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As I sit here in my humble office surrounded by my partner’s colourful collection of cinematic art – with The Creature of The Black Lagoon intently looking over my right shoulder – I think about several questions that to most, seem to demand very profound and sought-after answers. Questions to which I have afforded intense effort, but not because I feel them important in me, but because they are, as I said just a few sentences earlier, imperative for the regular psyche to achieve at least a semblance of order.  To me, the popular pondering on the meaning of life is banal, it is wasteful; it diverts mental energy from the actually valid question: how do we make life meaningful? Life, as it is, has never had a particular meaning, or rather, it has never needed one other than what I would impose upon it… a value that seems to change and gather splendor as I grow. This is a challenging concept for others to grasp as the confusion between meaning and purpose obscures what is essentially a clear matter.

I have also shared in the impetus to know what makes humans “tick”, what makes people do what they do. And though I have never asked this question of myself, as having always (at least since I can remember) known what drives me has made it easy to know where I need to go to get it, I have seen the importance of methodical answer as a means to influencing those to whom it is personally important.

Influence is still at the core of my personal enterprise, it is one of those ideas that move me. My potential contribution to the collective illusion of control is arousing like only a small number of notions are. I have always wanted to get the most out of people, and in that artifice of mine, the best of me. This is practical, it makes more sense than spending time philosophising on the whereabouts of ego or the constitution of my own emotional dispositions, which while being scarce, do help me understand why others must define their reality through gratuitous suffering.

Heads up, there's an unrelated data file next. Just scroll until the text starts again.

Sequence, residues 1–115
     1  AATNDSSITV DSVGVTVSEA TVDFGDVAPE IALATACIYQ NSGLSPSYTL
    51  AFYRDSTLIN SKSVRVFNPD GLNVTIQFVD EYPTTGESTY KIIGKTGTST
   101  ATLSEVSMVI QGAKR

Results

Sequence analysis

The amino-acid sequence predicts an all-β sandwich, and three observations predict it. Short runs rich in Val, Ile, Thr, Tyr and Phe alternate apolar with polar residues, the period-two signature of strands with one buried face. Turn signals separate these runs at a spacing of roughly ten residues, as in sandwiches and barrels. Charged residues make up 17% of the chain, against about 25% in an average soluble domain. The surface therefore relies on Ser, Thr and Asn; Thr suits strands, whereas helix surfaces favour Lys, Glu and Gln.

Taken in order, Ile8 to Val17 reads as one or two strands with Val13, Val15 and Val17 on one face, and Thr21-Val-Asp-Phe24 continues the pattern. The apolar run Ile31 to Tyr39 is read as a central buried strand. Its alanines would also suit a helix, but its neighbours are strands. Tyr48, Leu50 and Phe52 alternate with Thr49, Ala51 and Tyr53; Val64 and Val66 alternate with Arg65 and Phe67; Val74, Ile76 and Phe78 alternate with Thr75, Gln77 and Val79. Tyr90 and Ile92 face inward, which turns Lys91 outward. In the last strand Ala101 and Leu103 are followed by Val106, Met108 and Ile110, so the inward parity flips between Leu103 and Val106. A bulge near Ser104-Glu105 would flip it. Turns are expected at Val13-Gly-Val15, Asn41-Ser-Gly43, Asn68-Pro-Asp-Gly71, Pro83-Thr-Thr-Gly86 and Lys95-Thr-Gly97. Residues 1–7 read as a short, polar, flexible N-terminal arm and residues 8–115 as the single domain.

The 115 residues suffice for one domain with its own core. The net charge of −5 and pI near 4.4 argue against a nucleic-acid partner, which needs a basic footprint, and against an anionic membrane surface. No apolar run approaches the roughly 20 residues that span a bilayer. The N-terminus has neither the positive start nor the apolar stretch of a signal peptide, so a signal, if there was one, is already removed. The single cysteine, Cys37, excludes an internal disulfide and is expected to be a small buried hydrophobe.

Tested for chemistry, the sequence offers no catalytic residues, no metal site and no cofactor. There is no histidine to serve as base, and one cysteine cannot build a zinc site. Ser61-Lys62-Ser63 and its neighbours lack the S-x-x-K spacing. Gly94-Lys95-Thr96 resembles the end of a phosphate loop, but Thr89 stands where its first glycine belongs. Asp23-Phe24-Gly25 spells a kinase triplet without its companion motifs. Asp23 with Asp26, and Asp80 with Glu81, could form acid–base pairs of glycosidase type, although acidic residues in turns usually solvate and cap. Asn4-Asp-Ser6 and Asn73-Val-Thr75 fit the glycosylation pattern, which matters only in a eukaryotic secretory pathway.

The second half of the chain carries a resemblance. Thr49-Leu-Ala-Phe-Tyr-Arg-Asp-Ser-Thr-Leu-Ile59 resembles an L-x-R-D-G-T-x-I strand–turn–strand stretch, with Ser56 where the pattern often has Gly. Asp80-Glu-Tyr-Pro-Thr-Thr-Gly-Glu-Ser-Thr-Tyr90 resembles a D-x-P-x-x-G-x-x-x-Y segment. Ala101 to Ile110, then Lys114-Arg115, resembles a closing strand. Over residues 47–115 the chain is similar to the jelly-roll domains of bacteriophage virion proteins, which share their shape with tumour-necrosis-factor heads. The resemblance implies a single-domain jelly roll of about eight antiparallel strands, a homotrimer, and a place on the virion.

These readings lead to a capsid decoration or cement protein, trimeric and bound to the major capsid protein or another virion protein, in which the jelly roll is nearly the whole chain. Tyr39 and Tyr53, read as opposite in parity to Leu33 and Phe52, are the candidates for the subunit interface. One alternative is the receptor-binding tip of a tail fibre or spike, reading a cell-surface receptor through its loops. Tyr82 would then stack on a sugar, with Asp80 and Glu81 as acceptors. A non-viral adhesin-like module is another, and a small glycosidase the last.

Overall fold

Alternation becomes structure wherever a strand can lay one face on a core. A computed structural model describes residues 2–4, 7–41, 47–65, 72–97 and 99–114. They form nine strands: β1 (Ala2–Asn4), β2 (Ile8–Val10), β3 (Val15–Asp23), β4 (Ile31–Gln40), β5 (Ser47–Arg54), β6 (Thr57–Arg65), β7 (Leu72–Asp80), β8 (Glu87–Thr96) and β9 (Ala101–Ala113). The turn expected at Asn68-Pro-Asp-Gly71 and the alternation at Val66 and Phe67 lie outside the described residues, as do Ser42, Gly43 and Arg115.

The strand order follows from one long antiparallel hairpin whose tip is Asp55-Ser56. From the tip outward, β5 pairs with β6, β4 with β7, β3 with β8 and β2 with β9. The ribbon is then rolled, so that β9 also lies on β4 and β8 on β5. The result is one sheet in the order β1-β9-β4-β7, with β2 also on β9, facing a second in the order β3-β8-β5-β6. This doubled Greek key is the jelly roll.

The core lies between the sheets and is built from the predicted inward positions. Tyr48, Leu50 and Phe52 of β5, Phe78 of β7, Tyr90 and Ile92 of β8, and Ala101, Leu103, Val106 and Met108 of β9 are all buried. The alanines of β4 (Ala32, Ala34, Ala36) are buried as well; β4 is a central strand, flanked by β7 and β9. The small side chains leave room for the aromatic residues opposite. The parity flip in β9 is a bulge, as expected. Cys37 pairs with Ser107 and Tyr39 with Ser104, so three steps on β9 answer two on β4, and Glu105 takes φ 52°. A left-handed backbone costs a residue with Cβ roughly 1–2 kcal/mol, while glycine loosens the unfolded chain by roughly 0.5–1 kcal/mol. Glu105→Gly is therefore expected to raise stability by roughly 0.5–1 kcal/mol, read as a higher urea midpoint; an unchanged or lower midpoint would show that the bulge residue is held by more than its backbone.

I see most emotions as hindrances to logically productive lives. Even within the vice of subjectivity, all we need to thrive as a society are what I used to call (and may get into the habit again) the Essential Two: Love and Desire. Love as I see it requires us to “desire” the best for ourselves and those around us, and if that desire is nurtured with reason, and kept pragmatic, it will only arrive at communally beneficial outcomes. All other emotions are to be treated like the cognitive functions that they are and when studied, they should be scrutinized only to be fixed and be kept from inhibiting the intricately wonderful processes of the human mind.

This clearly cannot mean that we must ignore them; on the contrary we need to pay different attention to them.  We must learn to control them to prevent them from taking control of our experience and our behaviour. Emotions must always be something that happens to us, not the other way around. I have done my work with them; experimented on myself for several years; saw them from all angles available to me, and allowed others see them in me. This endeavour was time-consuming and at times uncomfortable. I will admit that the reasons for my investigation were less than noble, but the findings quite rewarding. Today I may [still]  be unable to feel as others can, but I understand emotions better (than they do) – this has inevitably brought me closer to knowing why people do the things they do, and it is how I build my most enduring of constructs: empathy.